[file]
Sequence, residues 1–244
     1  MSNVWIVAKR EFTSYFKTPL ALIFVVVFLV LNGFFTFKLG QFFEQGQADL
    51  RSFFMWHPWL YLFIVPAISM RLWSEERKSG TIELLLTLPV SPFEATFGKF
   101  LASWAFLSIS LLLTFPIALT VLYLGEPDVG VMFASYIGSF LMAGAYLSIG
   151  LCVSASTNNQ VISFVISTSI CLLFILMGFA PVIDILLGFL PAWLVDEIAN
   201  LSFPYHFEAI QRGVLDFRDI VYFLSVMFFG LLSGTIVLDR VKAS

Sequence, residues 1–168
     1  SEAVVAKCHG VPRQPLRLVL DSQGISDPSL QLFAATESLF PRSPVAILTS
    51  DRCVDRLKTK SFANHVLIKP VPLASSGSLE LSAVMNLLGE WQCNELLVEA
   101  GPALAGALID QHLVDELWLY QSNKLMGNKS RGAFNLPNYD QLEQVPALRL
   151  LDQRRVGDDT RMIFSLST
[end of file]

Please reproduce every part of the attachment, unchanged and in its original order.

Sequence, residues 1–244
     1  MSNVWIVAKR EFTSYFKTPL ALIFVVVFLV LNGFFTFKLG QFFEQGQADL
    51  RSFFMWHPWL YLFIVPAISM RLWSEERKSG TIELLLTLPV SPFEATFGKF
   101  LASWAFLSIS LLLTFPIALT VLYLGEPDVG VMFASYIGSF LMAGAYLSIG
   151  LCVSASTNNQ VISFVISTSI CLLFILMGFA PVIDILLGFL PAWLVDEIAN
   201  LSFPYHFEAI QRGVLDFRDI VYFLSVMFFG LLSGTIVLDR VKAS

Sequence, residues 1–168
     1  SEAVVAKCHG VPRQPLRLVL DSQGISDPSL QLFAATESLF PRSPVAILTS
    51  DRCVDRLKTK SFANHVLIKP VPLASSGSLE LSAVMNLLGE WQCNELLVEA
   101  GPALAGALID QHLVDELWLY QSNKLMGNKS RGAFNLPNYD QLEQVPALRL
   151  LDQRRVGDDT RMIFSLST